For young composers, the opportunity to spend a whole week with an orchestra practising, re-writing and working closely with the conductor is a dream come true.
That is exactly what four young composers have done this week with the Tasmanian Symphony Orchestra in Hobart.
It is part of an intense course to hone young Australian talent, according to the director of the Australian Composers’ School Paul Stanhope.
“You probably learn more in a week here with the Tasmanian Symphony than you would learn in a whole degree at a university,” Mr Stanhope said.
The composers have the opportunity to work on their own works with tutors, and the professional conductors and musicians in the orchestra also give feedback.
The youngest composer at the school, Alex Turley from Perth, is 22. He has been composing since he was 10.
“It’s always interesting to see how dots on a page can be transformed into sound, and often it happens in a way you don’t expect it to,” Mr Turley said.
“I think for a lot of us at this school, things sound a little bit different than they did in our head, [but] some things sound exactly the same or even better.”
Another one of the composers, Melbourne woman Louisa Trewartha, was making notes on her score in pencil as the orchestra played.
The 28-year-old has written a piece of music that is an Australian take on the children’s nursery rhyme Jack and Jill.
With professional musicians in the orchestra offering feedback, it is a good opportunity for her to refine her score.
“I’ve been learning a lot this week, not just from the tutors but also from the other students and Elena [Schwarz] our conductor,” Ms Trewartha said.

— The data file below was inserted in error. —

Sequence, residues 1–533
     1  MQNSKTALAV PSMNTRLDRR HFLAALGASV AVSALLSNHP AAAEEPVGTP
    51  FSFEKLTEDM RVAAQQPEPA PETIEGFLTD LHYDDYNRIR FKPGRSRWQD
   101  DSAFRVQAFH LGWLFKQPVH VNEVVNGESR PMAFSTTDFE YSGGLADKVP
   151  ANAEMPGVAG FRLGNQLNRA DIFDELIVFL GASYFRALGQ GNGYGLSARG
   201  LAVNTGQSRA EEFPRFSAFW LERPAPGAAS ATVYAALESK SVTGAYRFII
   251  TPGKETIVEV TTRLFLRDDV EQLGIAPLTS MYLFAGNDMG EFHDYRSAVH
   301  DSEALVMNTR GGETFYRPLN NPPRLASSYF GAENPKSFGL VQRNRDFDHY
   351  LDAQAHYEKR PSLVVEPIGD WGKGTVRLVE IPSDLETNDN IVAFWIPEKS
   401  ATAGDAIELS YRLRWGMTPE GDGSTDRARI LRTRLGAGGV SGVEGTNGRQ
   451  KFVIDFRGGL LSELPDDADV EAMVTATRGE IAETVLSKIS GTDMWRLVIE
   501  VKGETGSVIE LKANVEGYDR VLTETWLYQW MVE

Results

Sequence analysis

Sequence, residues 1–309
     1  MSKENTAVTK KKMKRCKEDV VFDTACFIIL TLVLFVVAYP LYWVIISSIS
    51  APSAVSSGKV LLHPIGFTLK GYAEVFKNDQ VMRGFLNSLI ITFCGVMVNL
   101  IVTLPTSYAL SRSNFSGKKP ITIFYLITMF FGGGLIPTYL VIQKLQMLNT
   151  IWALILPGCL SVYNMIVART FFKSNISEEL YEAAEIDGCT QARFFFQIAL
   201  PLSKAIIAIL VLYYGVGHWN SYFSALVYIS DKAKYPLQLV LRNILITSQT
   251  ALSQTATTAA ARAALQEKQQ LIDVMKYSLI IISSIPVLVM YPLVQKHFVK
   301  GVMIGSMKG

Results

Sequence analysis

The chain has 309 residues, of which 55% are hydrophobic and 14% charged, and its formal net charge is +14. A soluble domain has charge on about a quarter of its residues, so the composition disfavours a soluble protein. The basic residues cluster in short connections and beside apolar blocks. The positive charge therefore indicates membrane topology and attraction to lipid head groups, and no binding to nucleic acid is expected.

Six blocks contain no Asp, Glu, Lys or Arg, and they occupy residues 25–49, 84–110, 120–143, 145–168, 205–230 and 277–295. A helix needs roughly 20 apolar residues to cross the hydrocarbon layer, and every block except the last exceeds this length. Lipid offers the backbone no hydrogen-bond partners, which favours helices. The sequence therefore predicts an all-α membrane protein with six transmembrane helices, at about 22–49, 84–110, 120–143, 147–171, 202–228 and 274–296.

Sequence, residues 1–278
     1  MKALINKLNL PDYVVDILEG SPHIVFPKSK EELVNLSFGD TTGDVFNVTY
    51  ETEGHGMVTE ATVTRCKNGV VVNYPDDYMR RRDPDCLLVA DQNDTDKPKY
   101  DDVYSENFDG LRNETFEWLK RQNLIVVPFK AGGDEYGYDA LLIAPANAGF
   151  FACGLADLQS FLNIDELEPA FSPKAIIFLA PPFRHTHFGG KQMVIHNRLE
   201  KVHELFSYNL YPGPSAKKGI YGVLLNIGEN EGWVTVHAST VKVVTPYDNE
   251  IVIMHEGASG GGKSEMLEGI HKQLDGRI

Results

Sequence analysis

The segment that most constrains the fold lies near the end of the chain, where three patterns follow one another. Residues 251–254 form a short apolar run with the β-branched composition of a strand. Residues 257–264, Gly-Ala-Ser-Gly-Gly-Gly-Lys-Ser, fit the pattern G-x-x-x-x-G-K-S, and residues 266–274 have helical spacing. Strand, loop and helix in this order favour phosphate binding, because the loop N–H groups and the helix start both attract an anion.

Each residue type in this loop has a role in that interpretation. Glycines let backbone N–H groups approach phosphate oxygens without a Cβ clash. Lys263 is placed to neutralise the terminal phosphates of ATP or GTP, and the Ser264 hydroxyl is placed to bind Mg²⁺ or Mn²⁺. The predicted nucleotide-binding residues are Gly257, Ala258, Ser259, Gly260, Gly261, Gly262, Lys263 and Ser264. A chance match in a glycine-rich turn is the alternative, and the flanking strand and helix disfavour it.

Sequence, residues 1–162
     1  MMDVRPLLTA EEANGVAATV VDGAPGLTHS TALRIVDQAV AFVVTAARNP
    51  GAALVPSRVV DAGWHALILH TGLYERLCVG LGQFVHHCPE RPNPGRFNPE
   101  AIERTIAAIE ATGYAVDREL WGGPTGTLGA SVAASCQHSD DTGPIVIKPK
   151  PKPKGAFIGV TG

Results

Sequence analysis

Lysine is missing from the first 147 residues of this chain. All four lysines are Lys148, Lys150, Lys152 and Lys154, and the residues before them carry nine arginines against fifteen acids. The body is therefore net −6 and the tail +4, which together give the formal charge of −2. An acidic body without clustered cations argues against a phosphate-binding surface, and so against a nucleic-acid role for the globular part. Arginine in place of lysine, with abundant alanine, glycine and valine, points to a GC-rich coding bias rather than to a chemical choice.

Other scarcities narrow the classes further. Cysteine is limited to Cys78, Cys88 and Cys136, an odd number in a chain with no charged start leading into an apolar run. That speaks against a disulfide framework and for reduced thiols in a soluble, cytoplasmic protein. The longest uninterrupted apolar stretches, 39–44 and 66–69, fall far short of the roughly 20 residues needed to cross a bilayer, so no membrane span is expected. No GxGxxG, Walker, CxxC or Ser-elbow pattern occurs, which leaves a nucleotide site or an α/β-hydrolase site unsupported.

“And also the musicians, they are extremely friendly and go out of their way to let you know how you can improve something.”
Musicians offer feedback to improve students’ scores
The Tasmanian Symphony Orchestra runs the composers’ school in order to foster new young talent.
The school’s conductor, Elena Schwarz, was a student herself a few years ago at the orchestra’s conductor school. Now she is the assistant conductor.
“It’s always a wonderful feeling to receive a new score,” Ms Schwarz said.
“I always take it as if it is a direct message from the composer, and I study and try to understand what the composer’s message is.”
This week Ms Schwarz has been conducting the orchestra with the young composers standing behind her watching and listening in.
They stop every few bars to discuss and improve the works that will be performed in a private concert tonight.
Mr Stanhope said the school was ensuring Australians had a voice in the world of classical music.
“This beautiful art, or orchestral music, it provides a fantastic backdrop to who we are as a nation and creativity really is at the centre,” he said.